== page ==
11. Accordingly I do not think that this suit is time barred. I proceed to deal with the issue of whether the plaintiff has locus standi in this matter. This suit was filed by Mobil Oil Kenya Limited according to the Operators Agreement the contract was entered into between Esso Kenya Limited and the invoices were issued by Mobil Kenya Limited when PW1 testified he informed the court that the plaintiff changed their name from Esso Kenya Limited to Mobil Kenya Limited and currently Oilybia Kenya Limited. This is as provided for under section 20 (4) of the Companies Act which provides:-
“A change of name by a company under this section shall not affect any rights or obligations of the company or render defective any legal proceedings by or against the company, and any legal proceedings that might have been continued or commenced against it by its former name may be continued or commenced against it by its new name”
12. Accordingly I find the plaintiff merely changed the name and this does not affect the legal proceedings. This now leaves me with the last issue, whether the plaintiff established their claim on a balance of probability. As noted above, the defendant did not offer any evidence. Counsel for the defendant through their submissions faulted the invoices that were produced in evidence. However the court found those documents were admissible in evidence including a letter by the defendant dated 11th November 1999 in which the 1st defendant admitted liability. All this evidence was not controverted. The defendants attempted to respond to this evidence by way of submissions and especially to challenge this evidence by way of submissions is an unacceptable practice.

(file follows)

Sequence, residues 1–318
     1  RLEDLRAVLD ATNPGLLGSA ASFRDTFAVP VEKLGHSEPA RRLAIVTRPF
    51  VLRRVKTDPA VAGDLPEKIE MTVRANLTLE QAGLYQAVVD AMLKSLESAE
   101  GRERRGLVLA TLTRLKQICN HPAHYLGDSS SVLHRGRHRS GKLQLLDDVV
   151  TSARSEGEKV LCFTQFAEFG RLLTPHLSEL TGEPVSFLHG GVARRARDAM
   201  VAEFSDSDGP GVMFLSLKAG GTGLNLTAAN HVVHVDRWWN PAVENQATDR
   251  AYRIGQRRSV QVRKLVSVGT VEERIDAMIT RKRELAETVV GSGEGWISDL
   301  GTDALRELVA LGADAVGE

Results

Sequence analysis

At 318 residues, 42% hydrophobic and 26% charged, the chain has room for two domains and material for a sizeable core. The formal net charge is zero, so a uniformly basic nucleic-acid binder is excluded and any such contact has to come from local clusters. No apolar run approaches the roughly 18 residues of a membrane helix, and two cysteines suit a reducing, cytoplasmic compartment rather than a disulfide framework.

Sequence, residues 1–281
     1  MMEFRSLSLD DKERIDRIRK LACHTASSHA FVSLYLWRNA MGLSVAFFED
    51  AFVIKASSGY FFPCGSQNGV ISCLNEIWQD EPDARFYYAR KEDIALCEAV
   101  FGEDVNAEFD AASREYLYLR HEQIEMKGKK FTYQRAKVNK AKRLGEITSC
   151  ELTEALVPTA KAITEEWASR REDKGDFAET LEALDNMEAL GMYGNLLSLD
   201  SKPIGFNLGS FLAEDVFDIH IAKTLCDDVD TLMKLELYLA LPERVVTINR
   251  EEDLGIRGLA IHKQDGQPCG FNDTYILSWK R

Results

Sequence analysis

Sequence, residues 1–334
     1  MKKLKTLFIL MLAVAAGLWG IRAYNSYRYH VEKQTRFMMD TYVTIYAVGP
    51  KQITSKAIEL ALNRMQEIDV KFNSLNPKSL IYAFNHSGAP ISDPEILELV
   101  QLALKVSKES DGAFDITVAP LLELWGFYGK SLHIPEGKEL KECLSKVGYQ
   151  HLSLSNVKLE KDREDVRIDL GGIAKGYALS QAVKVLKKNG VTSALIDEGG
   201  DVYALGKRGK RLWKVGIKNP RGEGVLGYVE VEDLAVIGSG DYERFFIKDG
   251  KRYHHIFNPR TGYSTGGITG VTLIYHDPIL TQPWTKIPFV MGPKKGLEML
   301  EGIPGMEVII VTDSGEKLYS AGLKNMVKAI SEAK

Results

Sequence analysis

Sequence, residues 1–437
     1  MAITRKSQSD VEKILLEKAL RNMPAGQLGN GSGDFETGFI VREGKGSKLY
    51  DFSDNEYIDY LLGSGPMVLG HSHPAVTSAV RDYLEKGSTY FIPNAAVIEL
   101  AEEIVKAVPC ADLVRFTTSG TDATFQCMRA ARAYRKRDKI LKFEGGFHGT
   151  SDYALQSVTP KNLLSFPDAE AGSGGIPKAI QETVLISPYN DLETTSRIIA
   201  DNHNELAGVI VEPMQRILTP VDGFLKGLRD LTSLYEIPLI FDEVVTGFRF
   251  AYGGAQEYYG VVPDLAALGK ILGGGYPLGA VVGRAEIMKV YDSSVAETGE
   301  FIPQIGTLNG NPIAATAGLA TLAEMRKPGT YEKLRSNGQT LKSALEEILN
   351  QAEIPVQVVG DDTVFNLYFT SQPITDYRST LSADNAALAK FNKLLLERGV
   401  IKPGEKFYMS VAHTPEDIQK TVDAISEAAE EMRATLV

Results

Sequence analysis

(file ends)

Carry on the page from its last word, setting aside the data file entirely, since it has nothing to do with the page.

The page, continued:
13. The invoices show how the sum of Ksh.2.053,47.05 was arrived at. Judgment is therefore entered for the plaintiff against the defendants jointly and severely as prayed in the plaint. The plaintiff shall also have the costs of this suit with interest at court rates.
JUDGEMENT READ AND SIGNED ON 26TH MARCH 2010 AT NAIROBI.